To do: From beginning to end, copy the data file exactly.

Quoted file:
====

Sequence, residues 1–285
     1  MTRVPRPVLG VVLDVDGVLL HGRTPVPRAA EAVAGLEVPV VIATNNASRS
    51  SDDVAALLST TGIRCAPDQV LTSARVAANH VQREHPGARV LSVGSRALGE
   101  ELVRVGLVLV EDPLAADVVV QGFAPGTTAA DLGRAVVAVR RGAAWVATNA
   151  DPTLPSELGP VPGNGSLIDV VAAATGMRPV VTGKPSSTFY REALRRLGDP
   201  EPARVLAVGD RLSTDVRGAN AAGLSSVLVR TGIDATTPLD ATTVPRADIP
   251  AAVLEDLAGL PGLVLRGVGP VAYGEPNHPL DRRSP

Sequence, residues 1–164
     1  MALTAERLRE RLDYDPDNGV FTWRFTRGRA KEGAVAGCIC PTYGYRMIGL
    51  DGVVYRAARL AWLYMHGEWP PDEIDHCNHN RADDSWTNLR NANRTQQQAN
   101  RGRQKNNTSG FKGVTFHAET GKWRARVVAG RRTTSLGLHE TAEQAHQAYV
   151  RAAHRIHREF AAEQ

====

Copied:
Sequence, residues 1–285
     1  MTRVPRPVLG VVLDVDGVLL HGRTPVPRAA EAVAGLEVPV VIATNNASRS
    51  SDDVAALLST TGIRCAPDQV LTSARVAANH VQREHPGARV LSVGSRALGE
   101  ELVRVGLVLV EDPLAADVVV QGFAPGTTAA DLGRAVVAVR RGAAWVATNA
   151  DPTLPSELGP VPGNGSLIDV VAAATGMRPV VTGKPSSTFY REALRRLGDP
   201  EPARVLAVGD RLSTDVRGAN AAGLSSVLVR TGIDATTPLD ATTVPRADIP
   251  AAVLEDLAGL PGLVLRGVGP VAYGEPNHPL DRRSP

Sequence, residues 1–164
     1  MALTAERLRE RLDYDPDNGV FTWRFTRGRA KEGAVAGCIC PTYGYRMIGL
    51  DGVVYRAARL AWLYMHGEWP PDEIDHCNHN RADDSWTNLR NANRTQQQAN
   101  RGRQKNNTSG FKGVTFHAET GKWRARVVAG RRTTSLGLHE TAEQAHQAYV
   151  RAAHRIHREF AAEQ